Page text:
Will Grocon become the king of speed builders?

It is said the Middle East is leading the way in high-rise construction. From the Burj Dubai — which as we are constantly reminded will be the world’s tallest tower upon completion, to the 1000m-high Mubarak Tower in Kuwait, which rather cheekily is striving to snatch away that record from the Burj before it is even completed — the GCC continues to lead as others across the world struggle to keep up.

  • E-Mail
By  Published  June 17, 2006

|~||~||~|It is said the Middle East is leading the way in high-rise construction. From the Burj Dubai — which as we are constantly reminded will be the world’s tallest tower upon completion, to the 1000m-high Mubarak Tower in Kuwait, which rather cheekily is striving to snatch away that record from the Burj before it is even completed — the GCC continues to lead as others across the world struggle to keep up. So when a company comes up with an innovative system that is set to revolutionise the way tall buildings are built, those in the forward-thinking Middle Eastern market are bound to be pricking up their ears. And that’s exactly what Australian contractor Grocon has done — thanks to its two-floor Lubeca jumpform system. Already used to jumpform the core of the 92-storey Eureka Tower in Melbourne — could the structure’s name have been any more appropriate as the undoubted success on the project certainly merits exclamations of triumph — work time on what is currently Australia’s tallest building was halved. Half as much concrete placing was used, the same could be said of steel fixing, while only half as many joints in the core were also required resulting in a more robust structure. With so many tall buildings in the Middle East, the appeal of Grocon’s jumpform system is obvious. But there’s more — as if halving the time spent on projects wasn’t impressive enough. The two-floor system also offers significant cost savings; for example, less steel and less concrete is needed. And because the system is lifted using hydraulic rams, labour is reduced because everything is mechanised. Grocon has already made its mark in the Gulf. While working on the Rose Tower, on Sheikh Zayed Road, it achieved what it claims is a first for Dubai — three-day construction cycles. But Grocon is not satisfied, it wants to step up its presence in the Gulf and is in talks with Dubai-based developer Tameer about introducing its two-floor jumpform system on a 106-storey tower contract, again located on the city’s arterial highway. With the triumphant success of the Eureka Tower already in the bag and its work on the Rose Tower continuing to bloom, the chances of sealing the Tameer contract look pretty good. And should it win the Princess Tower deal, and then achieve its promise to build the core jump form in around 54 operations instead of 106, Grocon’s Lubeca really would have earned the right to call itself king of the jumpform systems.||**||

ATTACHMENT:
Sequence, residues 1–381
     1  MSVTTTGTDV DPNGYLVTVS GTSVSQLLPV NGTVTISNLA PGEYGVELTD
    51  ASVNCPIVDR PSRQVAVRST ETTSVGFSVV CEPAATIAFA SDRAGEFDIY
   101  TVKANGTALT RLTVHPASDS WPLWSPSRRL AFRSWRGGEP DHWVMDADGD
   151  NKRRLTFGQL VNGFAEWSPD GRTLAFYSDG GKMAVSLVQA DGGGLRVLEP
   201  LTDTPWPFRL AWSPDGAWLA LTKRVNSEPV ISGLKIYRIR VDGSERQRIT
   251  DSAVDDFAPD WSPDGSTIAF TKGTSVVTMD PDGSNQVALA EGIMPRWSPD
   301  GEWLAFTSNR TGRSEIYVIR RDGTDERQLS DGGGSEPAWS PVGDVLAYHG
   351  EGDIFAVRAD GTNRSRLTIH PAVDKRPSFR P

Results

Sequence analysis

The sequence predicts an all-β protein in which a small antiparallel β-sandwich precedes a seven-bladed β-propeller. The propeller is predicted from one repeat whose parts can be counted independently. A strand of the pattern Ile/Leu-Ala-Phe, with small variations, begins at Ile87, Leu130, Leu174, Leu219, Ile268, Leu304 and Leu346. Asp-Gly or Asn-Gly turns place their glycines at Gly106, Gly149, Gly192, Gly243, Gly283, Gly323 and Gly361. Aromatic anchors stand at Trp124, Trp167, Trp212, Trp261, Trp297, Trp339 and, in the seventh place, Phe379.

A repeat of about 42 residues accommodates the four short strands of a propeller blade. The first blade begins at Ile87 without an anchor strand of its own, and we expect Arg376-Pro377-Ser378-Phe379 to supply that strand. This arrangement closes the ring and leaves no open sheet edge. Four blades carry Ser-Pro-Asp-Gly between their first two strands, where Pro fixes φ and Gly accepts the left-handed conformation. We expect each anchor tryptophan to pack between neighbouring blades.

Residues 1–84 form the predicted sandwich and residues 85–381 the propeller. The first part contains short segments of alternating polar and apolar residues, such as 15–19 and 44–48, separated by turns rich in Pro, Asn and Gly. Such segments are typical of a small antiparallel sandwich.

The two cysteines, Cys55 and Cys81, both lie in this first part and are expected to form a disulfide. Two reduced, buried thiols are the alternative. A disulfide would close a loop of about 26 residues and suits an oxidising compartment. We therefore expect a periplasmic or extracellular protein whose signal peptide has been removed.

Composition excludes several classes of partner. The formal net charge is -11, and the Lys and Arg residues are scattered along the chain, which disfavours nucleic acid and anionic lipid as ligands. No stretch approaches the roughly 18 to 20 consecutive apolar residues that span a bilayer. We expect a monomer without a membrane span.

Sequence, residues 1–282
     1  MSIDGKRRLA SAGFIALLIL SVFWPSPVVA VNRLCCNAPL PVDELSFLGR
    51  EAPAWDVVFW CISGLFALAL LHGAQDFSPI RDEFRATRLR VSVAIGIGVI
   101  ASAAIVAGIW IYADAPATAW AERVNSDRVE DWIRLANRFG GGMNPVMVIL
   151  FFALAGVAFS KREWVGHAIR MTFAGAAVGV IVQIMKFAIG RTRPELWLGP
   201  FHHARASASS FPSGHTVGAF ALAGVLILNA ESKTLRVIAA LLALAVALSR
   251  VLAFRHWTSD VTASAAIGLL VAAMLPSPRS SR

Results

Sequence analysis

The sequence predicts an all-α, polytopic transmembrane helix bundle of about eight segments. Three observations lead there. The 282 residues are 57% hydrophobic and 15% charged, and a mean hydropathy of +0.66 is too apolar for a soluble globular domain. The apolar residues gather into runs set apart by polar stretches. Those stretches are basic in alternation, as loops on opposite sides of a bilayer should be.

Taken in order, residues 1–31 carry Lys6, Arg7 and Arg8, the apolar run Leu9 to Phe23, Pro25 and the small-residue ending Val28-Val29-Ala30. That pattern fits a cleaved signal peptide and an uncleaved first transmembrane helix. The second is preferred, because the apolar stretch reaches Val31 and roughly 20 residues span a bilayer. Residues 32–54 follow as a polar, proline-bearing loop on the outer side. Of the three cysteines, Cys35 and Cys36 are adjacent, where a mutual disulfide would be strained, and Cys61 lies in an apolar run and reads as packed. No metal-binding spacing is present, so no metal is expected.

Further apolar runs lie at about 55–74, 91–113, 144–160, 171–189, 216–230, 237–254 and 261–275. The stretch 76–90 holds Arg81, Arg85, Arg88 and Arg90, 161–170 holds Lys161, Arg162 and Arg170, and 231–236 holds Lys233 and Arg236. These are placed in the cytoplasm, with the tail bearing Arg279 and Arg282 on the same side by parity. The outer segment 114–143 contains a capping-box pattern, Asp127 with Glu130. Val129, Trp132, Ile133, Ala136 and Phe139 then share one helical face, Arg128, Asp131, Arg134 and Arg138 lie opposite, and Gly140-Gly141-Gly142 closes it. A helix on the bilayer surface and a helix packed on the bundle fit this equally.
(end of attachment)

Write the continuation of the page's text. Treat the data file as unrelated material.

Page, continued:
Add a Comment

Your display name This field is mandatory

Your e-mail address This field is mandatory (Your e-mail address won't be published)

Security code

Competitions